by Elizabeth Seigle, Policy Analyst
Over the past decade, state and local jurisdictions have been actively developing strategies to reduce both recidivism and spending in their juvenile justice systems. Many also seek to ensure that every youth who comes in contact with the system is met with procedural fairness at every stage of the justice system. To help accomplish these goals, juvenile justice leaders are examining and applying research and recommendations outlined in Reforming Juvenile Justice: A Developmental Approach, a seminal report released by National Research Council in 2012. This report provides an extensive review of decades of research on juvenile justice programs and practices. It also delineates how the adolescent development field can serve as a framework for developing strategies across the justice system continuum that promotes positive outcomes for youth involved with the juvenile justice system.
Specifically, the report outlines key areas that juvenile justice systems should address in order to promote healthy adolescent development. These areas include the involvement of family, positive peer groups, and activities that build decision-making and critical-thinking skills. It also discusses the aspects of adolescent brain development that influence illegal behavior in youth and the mounting evidence that such behavior desists in most adolescents as they enter young adulthood.
This research has sparked much discussion about youth culpability and to what degree adolescent offenders should be held accountable for particular crimes, given their inherent biological and neurological chemistry. This discussion has in turn contributed to changes in some states where legislation distinguishes juveniles from adult offenders and where policies and practices that hold youth accountable have been modified to be more developmentally appropriate.
On July 23, 2013, the Coordinating Council on Juvenile Justice and Delinquency Prevention (Coordinating Council) held a quarterly meeting to explore how the report’s recommendations might be widely applied. The Coordinating Council serves as an independent body within the executive branch of the federal government. Its primary functions are to coordinate federal juvenile delinquency prevention programs, federal programs and activities that detain or care for unaccompanied juveniles, and federal programs relating to missing and exploited children.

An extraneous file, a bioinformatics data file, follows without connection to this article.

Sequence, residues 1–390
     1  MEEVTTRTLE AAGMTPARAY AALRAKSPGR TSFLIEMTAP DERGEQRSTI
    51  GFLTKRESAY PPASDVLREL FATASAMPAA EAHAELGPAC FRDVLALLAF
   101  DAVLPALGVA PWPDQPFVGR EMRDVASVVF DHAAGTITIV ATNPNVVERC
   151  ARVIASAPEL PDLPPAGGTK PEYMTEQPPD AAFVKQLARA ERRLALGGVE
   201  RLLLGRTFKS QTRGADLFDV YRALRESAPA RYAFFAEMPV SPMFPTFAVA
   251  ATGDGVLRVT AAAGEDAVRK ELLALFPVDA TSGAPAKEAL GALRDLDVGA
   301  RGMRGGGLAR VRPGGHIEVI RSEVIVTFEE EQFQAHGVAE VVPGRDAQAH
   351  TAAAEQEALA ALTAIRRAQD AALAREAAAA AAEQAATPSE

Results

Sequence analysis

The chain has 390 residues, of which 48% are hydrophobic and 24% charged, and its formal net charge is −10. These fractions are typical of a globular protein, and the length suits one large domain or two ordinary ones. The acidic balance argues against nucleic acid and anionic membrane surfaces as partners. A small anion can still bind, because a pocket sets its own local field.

At the meeting, the Office of Juvenile Justice and Delinquency Prevention (OJJDP) Administrator Robert L. Listenbee acknowledged the significance of this report. “We at OJJDP believe that this report’s findings and recommendations can transform how policymakers, practitioners, and researchers address the needs of children who are at risk for involvement or who are already involved in the juvenile justice system,” he said.
At the meeting, the Committee on Assessing Juvenile Justice Reform presented on how OJJDP should consider a more developmentally appropriate approach to its grant-making decisions, policies, and program development and technical assistance activities. “If the procedures for holding youth accountable for their offending and the services provided to them are designed and operated in a developmentally informed way, this approach will promote positive legal socialization, reinforce pro-social identify, and reduce reoffending,” said Mr. Listenbee.
 Richard J. Bonnie, Robert L. Johnson, Betty M. Chemers, and Julie Schuck, eds., Reforming Juvenile Justice: A Developmental Approach (Washington: National Research Council of the National Academies Press, 2012).
 Quote was cited in the OJJDP Newsletter for July/August 2013 in an article entitled: “National Research Council Report on Juvenile Justice Reform Highlighted at Coordinating Council Meeting,” available at http://www.ojjdp.gov/newsletter/242652/pfv.html
 Quote was cited in the OJJDP Newsletter for July/August 2013 in an article entitled: “National Research Council Report on Juvenile Justice Reform Highlighted at Coordinating Council Meeting,” available at http://www.ojjdp.gov/newsletter/242652/pfv.html.